Foreigners at Beni Hassan: evidence from the Tomb of Khnumhotep I

Research output: Contribution to journalArticleResearchpeer-review

Abstract

The procession of Asiatics in the tomb of Khnumhotep II (No. 3) at Beni Hassan is one of the most famous scenes alluding to ancient Egypt’s interactions with its neighbors. Khnumhotep II, however, was not the only official at Beni Hassan to include representations of foreigners. The tomb of his possible grandfather, Khnumhotep I (No. 14), additionally features unique depictions of a number of individuals who can be identified as of non-Egyptian origin. These foreigners signal that particular cross-cultural relations could remain under the auspices of specific families in the early Middle Kingdom, perhaps influencing power and political dynamics that helped shape the 12th Dynasty. The following presents the most recent recordings of the depictions as completed by The Australian Centre for Egyptology, commenting on their nature and historical significance in relation to Khnumhotep I and the Oryx nome.
LanguageEnglish
JournalThe Bulletin of the American Schools of Oriental Research
Publication statusAccepted/In press - 2020

Fingerprint

cultural relations
Egypt
recording
interaction
evidence
Tombs
Foreigners
Egyptology
Procession
Interaction
Neighbors
Middle Kingdom
Dynasty
Ancient Egypt
Cultural Relations

Keywords

  • Beni Hassan (Egypt)--Antiquities
  • Middle Kingdom art
  • Middle Kingdom Egypt
  • foreign relations
  • Art History
  • Negotiations
  • Ancient Egypt
  • Asiatics
  • Nubians
  • Libyans

Cite this

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title = "Foreigners at Beni Hassan: evidence from the Tomb of Khnumhotep I",
abstract = "The procession of Asiatics in the tomb of Khnumhotep II (No. 3) at Beni Hassan is one of the most famous scenes alluding to ancient Egypt’s interactions with its neighbors. Khnumhotep II, however, was not the only official at Beni Hassan to include representations of foreigners. The tomb of his possible grandfather, Khnumhotep I (No. 14), additionally features unique depictions of a number of individuals who can be identified as of non-Egyptian origin. These foreigners signal that particular cross-cultural relations could remain under the auspices of specific families in the early Middle Kingdom, perhaps influencing power and political dynamics that helped shape the 12th Dynasty. The following presents the most recent recordings of the depictions as completed by The Australian Centre for Egyptology, commenting on their nature and historical significance in relation to Khnumhotep I and the Oryx nome.",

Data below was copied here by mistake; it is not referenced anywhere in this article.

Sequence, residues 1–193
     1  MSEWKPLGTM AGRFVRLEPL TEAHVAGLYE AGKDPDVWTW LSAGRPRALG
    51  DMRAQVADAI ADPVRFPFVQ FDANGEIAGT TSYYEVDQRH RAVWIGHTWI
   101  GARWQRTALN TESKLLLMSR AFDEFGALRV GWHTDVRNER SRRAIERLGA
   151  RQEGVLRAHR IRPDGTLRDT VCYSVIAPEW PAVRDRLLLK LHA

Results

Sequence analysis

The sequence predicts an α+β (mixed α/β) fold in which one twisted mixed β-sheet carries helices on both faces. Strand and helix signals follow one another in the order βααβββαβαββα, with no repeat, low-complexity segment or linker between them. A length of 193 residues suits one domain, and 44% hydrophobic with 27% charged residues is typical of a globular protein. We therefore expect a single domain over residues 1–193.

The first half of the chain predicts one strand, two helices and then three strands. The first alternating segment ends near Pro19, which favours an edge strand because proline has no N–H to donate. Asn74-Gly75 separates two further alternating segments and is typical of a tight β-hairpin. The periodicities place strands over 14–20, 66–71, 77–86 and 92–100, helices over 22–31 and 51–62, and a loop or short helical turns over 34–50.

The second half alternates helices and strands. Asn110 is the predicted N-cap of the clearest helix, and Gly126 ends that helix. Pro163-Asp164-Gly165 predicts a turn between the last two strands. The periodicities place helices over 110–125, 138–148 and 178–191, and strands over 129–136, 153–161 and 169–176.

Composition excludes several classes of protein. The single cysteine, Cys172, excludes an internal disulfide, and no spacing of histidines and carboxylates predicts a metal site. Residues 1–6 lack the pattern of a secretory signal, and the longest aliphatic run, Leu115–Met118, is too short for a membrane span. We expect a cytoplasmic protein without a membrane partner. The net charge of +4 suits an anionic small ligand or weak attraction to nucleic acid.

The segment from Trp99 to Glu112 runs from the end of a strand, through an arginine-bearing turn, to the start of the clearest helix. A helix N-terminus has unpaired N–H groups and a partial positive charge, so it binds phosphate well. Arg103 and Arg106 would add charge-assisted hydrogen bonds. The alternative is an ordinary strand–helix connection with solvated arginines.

keywords = "Beni Hassan (Egypt)--Antiquities, Middle Kingdom art, Middle Kingdom Egypt, foreign relations, Art History, Negotiations, Ancient Egypt, Asiatics, Nubians, Libyans",
author = "Anna-Latifa Mourad",
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language = "English",
journal = "The Bulletin of the American Schools of Oriental Research",
issn = "0003-097X",
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Foreigners at Beni Hassan : evidence from the Tomb of Khnumhotep I. / Mourad, Anna-Latifa.

In: The Bulletin of the American Schools of Oriental Research, 2020.

Research output: Contribution to journalArticleResearchpeer-review

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